TRAVERSE CITY — Great Lakes water levels are shattering high records and the experts agree there is rather little that can be done to change that — the environment is almost entirely in control.

“The reality is Mother Nature is going to overtake us,” said Bernd Gigas, consulting engineer for Lake Ontario South Shore Engineering.

A series of experts in hydrology, engineering, shoreline protection, emergency management and environmental law spent hours this week talking and answering questions during online webinars about the ongoing high water levels on the Great Lakes. Both nonprofits Tip of the Mitt Watershed Council in Petoskey and Great Lakes Coalition in Saugatuck hosted the online events Thursday and Friday, respectively.

The consensus among the experts was the natural environment is far more in control than humans could ever hope to be, and the best way to cope may well be to simply back up from the water’s edge.

Countless homeowners along the shorelines of the Great Lakes have watched the water get closer and closer, and the water gobble up more land with every storm. Many are left wondering how to protect their homes from literally splashing into the rising waters.

Jennifer McKay, policy director with the Petoskey-based agency, said that ultimately, it is often more cost-effective and environmentally sound for shoreline property owners to move their homes further away from the water. It can be done for between $12 and $16 per square foot, she said.

However, many shoreline homeowners instead try to hold back the big lakes and their effects.

“We see excessive or poorly designed structures that can increase damage to neighboring properties and disrupt natural processes along the shoreline,” McKay said.

Adding boulders, seawalls or other hardening methods doesn’t help absorb wave energy, forcing that energy downward and sideways. That results in scouring the lake bottom and often undercutting the structure, or causing undue erosion on neighboring properties, McKay said.

She said those methods are no good for water quality or aquatic habitats, either.

In terms of money, McKay said some property owners may in the end invest more in repeated shoreline measures than if they’d instead moved their home back from the water’s edge, which she said can also be a better long-term environmental solution.

Joe Haas, water resources division district manager for the Michigan Department of Environment, Great Lakes and Energy, said the state agency doesn’t like to permit seawalls — they are typically even frowned upon.

He confirmed attempts to “hard armor” the shoreline often end up with accentuated erosion on neighboring properties and water getting behind the structure, anyway.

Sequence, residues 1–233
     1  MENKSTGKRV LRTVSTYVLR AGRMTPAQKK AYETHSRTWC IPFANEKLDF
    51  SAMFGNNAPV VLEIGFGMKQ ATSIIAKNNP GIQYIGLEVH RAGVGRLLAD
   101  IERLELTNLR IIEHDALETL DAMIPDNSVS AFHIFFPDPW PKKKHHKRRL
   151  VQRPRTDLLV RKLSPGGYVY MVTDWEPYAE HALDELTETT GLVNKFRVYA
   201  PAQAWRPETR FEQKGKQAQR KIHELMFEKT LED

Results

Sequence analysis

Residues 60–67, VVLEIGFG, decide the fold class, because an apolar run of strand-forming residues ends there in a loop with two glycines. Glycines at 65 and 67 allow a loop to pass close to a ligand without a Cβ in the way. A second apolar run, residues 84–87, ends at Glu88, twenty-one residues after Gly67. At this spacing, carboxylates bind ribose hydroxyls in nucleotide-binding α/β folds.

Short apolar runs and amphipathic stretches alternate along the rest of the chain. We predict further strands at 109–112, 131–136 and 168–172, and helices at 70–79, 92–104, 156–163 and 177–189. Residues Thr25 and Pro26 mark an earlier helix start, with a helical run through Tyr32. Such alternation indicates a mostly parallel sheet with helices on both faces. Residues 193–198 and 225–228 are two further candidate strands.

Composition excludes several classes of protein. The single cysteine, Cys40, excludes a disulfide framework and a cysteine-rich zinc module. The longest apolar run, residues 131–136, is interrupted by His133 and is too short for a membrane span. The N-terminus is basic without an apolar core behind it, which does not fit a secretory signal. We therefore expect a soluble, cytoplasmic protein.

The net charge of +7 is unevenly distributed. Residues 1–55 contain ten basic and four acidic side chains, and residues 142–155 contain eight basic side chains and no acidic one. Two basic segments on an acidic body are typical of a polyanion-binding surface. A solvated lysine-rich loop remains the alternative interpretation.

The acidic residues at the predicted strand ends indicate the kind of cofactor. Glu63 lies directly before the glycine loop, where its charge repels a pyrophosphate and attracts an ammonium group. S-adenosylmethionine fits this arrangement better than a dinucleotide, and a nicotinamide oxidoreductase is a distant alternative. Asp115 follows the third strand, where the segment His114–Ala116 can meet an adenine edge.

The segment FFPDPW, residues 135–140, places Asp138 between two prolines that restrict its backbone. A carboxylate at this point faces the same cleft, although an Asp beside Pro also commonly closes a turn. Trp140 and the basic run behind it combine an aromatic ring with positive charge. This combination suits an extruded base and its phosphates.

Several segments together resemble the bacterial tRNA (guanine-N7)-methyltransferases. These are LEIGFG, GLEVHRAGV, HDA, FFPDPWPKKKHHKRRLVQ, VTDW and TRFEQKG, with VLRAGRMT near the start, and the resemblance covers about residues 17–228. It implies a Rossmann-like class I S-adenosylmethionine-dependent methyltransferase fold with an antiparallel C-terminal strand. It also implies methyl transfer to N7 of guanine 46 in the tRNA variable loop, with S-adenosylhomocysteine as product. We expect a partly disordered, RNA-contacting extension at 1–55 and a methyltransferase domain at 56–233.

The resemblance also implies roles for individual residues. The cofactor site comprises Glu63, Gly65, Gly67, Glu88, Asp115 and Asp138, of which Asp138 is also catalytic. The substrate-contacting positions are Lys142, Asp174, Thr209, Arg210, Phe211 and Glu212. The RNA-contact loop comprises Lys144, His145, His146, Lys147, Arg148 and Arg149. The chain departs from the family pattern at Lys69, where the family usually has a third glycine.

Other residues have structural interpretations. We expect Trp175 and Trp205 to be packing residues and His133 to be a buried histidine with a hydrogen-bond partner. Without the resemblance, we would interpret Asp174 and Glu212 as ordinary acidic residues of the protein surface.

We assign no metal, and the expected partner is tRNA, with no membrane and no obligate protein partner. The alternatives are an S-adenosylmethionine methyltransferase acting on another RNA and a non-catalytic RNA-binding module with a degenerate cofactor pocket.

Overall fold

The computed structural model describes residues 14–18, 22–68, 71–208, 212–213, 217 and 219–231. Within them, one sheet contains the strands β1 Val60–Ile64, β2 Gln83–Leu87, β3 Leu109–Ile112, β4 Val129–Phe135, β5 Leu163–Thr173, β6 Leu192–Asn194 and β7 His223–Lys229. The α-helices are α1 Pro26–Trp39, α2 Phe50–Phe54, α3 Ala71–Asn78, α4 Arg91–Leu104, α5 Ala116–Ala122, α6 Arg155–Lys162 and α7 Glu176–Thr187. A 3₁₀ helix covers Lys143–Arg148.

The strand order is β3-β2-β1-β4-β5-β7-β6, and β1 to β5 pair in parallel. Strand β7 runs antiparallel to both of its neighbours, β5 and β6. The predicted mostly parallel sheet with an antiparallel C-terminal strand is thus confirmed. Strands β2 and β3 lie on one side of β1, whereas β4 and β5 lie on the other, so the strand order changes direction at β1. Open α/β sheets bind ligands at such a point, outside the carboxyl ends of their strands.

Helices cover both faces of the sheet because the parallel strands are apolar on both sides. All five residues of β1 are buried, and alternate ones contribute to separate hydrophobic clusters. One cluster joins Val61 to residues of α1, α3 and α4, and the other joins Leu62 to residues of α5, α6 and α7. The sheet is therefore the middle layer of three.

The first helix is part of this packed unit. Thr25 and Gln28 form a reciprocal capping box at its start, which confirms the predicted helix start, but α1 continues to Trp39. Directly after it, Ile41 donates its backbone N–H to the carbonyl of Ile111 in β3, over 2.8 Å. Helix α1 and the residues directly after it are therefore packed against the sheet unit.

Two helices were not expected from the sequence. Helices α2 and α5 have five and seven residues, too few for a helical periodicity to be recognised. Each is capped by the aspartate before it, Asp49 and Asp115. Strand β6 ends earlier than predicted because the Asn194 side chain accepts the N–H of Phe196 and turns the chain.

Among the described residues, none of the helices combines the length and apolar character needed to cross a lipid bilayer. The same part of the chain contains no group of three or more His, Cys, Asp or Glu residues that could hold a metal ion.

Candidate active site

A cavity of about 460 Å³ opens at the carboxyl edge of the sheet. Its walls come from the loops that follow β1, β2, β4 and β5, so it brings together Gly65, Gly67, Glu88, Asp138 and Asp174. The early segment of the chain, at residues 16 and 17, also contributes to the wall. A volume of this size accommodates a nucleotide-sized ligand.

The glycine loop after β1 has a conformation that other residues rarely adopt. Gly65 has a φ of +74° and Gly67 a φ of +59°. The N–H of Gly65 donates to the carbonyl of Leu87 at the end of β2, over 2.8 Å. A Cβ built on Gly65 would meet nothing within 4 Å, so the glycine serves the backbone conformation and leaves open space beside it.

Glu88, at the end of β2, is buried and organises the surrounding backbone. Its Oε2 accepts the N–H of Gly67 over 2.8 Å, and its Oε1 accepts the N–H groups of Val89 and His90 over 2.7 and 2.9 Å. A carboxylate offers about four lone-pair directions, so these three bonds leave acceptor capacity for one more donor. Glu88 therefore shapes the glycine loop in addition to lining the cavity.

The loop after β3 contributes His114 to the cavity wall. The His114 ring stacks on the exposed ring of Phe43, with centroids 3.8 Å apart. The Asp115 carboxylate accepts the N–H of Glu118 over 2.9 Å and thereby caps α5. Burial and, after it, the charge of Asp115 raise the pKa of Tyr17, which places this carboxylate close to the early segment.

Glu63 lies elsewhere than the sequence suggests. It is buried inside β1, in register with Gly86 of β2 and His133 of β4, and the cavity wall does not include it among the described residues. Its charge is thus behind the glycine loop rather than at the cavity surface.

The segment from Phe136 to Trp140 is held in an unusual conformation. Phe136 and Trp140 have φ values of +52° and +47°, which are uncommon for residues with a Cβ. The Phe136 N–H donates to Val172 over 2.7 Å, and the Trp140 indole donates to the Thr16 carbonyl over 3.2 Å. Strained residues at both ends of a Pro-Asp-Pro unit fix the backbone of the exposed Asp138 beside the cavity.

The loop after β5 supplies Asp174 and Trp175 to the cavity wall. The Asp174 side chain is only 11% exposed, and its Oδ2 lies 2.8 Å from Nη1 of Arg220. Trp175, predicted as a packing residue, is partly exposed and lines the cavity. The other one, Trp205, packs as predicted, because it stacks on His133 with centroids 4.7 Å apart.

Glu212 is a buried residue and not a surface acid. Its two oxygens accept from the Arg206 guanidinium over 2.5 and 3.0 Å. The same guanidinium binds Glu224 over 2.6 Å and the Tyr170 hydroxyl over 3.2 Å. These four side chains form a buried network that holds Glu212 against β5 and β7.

Other experts discussed what additional things could be done to affect water levels.

Howard Learner, president of Chicago-based environmental advocacy group Environmental Law & Policy Center, said overall climate trends show movement toward greater extremes for Great Lakes water levels — both low and high.

“We need to recognize climate change realities,” he said, adding better land use planning must be done based on that.

Gigas, a New York-based engineer who said he lives on the Lake Ontario shoreline, said there are only four places within the entire Great Lakes system where humans have any control over inflow or outflow rates.

The Ogoki and Longlac diversions in Ontario for hydropower amounts to the only human-controlled inlet into the Great Lakes at Lake Superior, while the Chicago River and the Moses-Saunders Power Dam at the St. Lawrence River are the only human-controlled outlets.

The Soo Locks serve as an inter-lake control, Gigas said.

“No one controls the weather. Soo Locks and Moses-Saunders Dam have influence but not complete control of water levels,” he said.

Actions the engineer said are reasonable and could help alleviate extremely high water levels include reducing or eliminating Lake Superior inflow diversions — like the Ogoki and Longlac — during high water periods, plus increasing the outflow from Lake Michigan through the Chicago River.

Gigas also said infrastructure changes could be made to increase the capacity of the St. Clair and Detroit Rivers, as well as the Niagara River. But that would have flooding impacts downstream and could also prove problematic during low water level years, he said.

And really, he said all that would have marginal impacts, as weather patterns have greater influence on the lakes’ levels.

“There is only so much we can do,” Gigas said. “We don’t control the weather.”

Maybe it’s time to recognize the risk property owners who built too close the shoreline took when they chose where to live — including himself, the engineer said.

Learner said much of western Michigan along the Lake Michigan shoreline wasn’t developed with current water levels in mind, which is why many homeowners there are fraught over the ongoing erosion.

He said it’s time to rethink how building is allowed in these places and not only in terms of residential neighborhoods; Learner pointed to multiple toxic and nuclear waste storage sites along the Lake Michigan shoreline that could become public health threats in the face of continued high water levels.

Meanwhile, physical scientist Deanna Apps with the U.S. Army Corps of Engineers, reported Lakes Michigan and Huron broke high water level records every month this year since January.

She said those lakes — considered one water body by federal hydrologists — are tracking toward continued broken high water level records at least through July, when the peak is expected before the normal seasonal decline.

Both webinars are expected to be posted at and online.

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